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September 1, 2005

El Mirador — 2,000 years ago it was the New York City of the Mayan Empire

Elmirador

Mary Anastasia O'Grady edits the Wall Street Journal's "Americas" column.

Earlier this year she traveled to the ancient Mayan city of El Mirador, in the northern Petén jungle of Guatemala.

Her story, of wondrous things and even more spectacular ones yet to be revealed in the ongoing excavation, appeared in the August 23 Wall Street Journal.

El Mirador is 800 years older than the much better known city of Tikal and far larger, with thousands of ruins within its 15 square–mile area, almost entirely unexplored.

When you travel to a once–lost city buried so deeply in the jungle that the only way in is via a two–day mule trek or helicopter, you find yourself with enormous freedom.

O'Grady found the view from the top of the "Lion Temple" pyramid so intoxicating she decided to spend the night there — and there was not a soul around to tell her she couldn't.

Her story is a trip away from where you are to where you might be, if you let your mind wander along with her words.

Here is the article.

    It's a Jungle Out There, Full of Buried Treasure

    There is no such thing as a bad seat in the house for the wildlife show here in the northern Petén jungle.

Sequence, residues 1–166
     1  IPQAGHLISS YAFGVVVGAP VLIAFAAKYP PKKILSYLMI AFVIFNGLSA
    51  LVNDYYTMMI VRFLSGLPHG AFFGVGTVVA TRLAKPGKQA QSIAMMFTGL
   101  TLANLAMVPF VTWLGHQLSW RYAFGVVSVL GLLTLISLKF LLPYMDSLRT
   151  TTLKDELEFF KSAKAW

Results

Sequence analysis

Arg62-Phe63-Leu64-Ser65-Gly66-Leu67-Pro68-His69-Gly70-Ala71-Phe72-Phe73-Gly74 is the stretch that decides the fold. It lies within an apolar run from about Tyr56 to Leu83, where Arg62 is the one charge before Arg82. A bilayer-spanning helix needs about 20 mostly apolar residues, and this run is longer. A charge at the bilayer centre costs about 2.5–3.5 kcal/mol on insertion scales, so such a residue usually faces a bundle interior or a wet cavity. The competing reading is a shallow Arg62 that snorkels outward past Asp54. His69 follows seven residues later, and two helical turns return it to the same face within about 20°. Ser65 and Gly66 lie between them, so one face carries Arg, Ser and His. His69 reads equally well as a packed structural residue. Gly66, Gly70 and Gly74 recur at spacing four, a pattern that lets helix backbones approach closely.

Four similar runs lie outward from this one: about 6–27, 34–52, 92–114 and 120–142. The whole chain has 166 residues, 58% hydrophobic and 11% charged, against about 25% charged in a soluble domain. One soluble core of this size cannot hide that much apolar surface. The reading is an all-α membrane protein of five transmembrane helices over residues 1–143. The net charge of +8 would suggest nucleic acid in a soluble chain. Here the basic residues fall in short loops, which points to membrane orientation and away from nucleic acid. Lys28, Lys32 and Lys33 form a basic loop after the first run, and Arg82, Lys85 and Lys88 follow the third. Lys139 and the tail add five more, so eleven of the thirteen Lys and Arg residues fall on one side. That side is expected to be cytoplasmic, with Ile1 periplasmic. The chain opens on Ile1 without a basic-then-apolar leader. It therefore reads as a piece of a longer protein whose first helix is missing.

For that we can thank the late pre-classical Mayan empire (350 B.C.-A.D. 150) that built an impressive collection of monumental structures that are still standing.

    Late one afternoon from my perch atop the pyramid known as the "Lion Temple," I found myself eye to eye with a pair of huge black and yellow toucans meticulously preening in the quiet of an oppressive, rainy-season heat.

    Only a faint breeze stirred the leaves.

    On the other side of the pyramid, I peered down on two spider monkeys swinging in the highest parts of the trees by their spindly tails and limbs and angrily shaking the branches to shoo me away.

    No matter which of the 20-plus monumental temples you choose to scramble up, at the summit you tower above life and gaze across miles of lush green canopy and majestic Mayan history dating back thousands of years.